Thus, we might proceed comparably now as part of a transition from capitalist to WSDE-type economic organization. Enterprise decisions would be made first and democratically by the workers engaged there (rather than the tiny minority of major shareholders and the boards of directors they select, as is typical in capitalist corporations). However, such decisions would have to be consistent with the larger industrywide and economywide rules and regulations that would be the purview of the economy-based legislative body. And in turn, that body’s activities would have to be consistent with the framework co-determined with the other legislative body’s parallel deliberations and their results.
”We cannot expect a newly emerging economic system to automatically or by itself guarantee the culture, politics, or other aspects of society needed for that new system to survive or prosper.”
In such a structure, local, regional and national enterprise decisions would always and necessarily incorporate (and be subject ultimately to veto by) the democratically generated desires of the communities they interact with. Likewise, political decisions in residential communities would incorporate the democratically generated desires of enterprise workers they interact with.
Bill Ayers’ essay in Imagine! describes how very few Americans are educated for responsibility – for democratic citizenship and decision making of any kind – today. What prevents bad actors from taking over workers’ councils? Do you feel a change in enterprise structure will bring along a change in culture, enterprise councils will educate for responsibility or do we need to make other cultural changes for this to work?
We cannot expect a newly emerging economic system to automatically or by itself guarantee the culture, politics or other aspects of society needed for that new system to survive or prosper.
Economic systems (feudal, capitalist, communist, and so on) try to shape their social and natural environments to secure their reproduction. That is because every economic system depends on its surrounding physical nature, culture and politics to persist. From their birth through their subsequent evolutions and to their deaths, economic systems interact with their natural, cultural and political conditions. Conditions and system are thus always in a process of continuous mutual transformation. Historically, every economic system eventually reached a point where its interactions with its surrounding conditions provoked and enabled transition to a new and different system.
Capitalism may well again be nearing such a point now. Its crises, its evolution into global mega-corporations, and its increasingly unequal social impacts are shaping the surrounding natural, political and cultural conditions in ways generating fast-growing criticism and opposition. If a social transition from capitalistically organized enterprises to WSDEs occurs, that would likely mean transformations in the surrounding natural, cultural and political conditions.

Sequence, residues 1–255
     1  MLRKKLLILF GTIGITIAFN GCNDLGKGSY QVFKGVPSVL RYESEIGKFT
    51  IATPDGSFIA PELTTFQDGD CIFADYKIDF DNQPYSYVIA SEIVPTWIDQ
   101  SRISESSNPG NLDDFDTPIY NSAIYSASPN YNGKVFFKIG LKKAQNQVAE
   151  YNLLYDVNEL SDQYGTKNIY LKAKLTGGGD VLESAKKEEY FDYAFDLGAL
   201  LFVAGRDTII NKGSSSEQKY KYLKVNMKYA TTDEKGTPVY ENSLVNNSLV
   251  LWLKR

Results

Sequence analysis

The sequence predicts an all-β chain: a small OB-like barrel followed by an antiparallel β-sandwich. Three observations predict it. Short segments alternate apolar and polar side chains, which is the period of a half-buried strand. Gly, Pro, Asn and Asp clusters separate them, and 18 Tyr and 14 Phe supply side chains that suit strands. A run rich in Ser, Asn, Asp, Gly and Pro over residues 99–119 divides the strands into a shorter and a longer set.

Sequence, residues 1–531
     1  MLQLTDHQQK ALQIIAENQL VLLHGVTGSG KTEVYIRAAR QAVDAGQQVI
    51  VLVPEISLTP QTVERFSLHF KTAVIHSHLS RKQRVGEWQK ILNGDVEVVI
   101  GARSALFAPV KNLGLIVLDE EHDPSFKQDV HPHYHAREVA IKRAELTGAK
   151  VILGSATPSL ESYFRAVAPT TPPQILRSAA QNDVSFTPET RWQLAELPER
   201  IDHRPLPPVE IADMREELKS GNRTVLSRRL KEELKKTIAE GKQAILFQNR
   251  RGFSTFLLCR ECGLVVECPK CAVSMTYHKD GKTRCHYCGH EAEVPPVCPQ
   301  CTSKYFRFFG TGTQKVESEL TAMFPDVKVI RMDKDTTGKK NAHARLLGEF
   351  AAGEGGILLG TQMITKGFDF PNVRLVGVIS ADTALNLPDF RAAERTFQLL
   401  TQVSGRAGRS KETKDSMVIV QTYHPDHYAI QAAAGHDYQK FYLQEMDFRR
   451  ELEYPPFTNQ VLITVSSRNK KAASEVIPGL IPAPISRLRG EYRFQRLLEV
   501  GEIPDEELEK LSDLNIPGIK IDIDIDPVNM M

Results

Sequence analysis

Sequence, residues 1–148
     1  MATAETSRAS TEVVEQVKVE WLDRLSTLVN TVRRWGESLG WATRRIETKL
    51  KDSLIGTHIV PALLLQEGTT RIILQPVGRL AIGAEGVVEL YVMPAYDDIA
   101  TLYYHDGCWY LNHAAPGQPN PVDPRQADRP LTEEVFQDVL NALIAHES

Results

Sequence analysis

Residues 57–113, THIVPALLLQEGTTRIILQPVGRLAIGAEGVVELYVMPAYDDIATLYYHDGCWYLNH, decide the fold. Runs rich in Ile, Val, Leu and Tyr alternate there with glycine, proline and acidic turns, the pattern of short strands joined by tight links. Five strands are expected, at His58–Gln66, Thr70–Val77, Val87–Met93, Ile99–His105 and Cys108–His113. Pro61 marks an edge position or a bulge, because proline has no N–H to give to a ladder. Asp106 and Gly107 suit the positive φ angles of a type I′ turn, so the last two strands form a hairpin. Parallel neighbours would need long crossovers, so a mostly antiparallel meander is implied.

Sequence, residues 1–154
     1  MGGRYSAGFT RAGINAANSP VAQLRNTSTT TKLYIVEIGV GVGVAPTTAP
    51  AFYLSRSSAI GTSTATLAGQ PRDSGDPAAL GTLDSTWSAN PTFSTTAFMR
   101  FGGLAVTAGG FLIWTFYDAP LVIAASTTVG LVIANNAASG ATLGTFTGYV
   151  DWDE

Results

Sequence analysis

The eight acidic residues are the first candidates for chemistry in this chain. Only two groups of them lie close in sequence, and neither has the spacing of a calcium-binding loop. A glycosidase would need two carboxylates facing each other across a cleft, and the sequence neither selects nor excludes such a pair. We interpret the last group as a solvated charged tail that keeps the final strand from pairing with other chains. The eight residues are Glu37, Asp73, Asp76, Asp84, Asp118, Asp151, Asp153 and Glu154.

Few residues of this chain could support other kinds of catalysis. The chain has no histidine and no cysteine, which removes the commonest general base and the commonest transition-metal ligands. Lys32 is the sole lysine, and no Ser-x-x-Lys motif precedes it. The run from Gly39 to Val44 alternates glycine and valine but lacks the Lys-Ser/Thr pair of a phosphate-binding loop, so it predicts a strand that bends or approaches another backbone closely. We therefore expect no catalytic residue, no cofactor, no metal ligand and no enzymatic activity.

Economic democracy at the enterprise level would drive to alter, for example, education. The goal would be to create and support the capacities, attitudes and motivations in people needed to enable WSDEs to function well and persist. Of course, many other social processes will simultaneously impact education. All these factors will together determine whether the resulting educational system does or does not support a WSDE-based economic system.
No economic system has been able to finally control its conditions. That’s why history displays the rise, development, and eventual demise of every past system. There is little reason to presume that capitalism will not follow that path. Likewise, there seems little reason to presume that for a WSDE-based economic system either.
So yes, indeed, for economic democracy to be established in a WSDE-based economy that displaces and supersedes capitalism, it will take major changes in culture, politics and much else. Everyone in society will play a role – in how they think and interact with others, wherever they live and work. Everyone, consciously, intentionally, or not, will help determine whether the system reaches tipping-point soon and whether a democratic enterprise system is part of the changed world that emerges.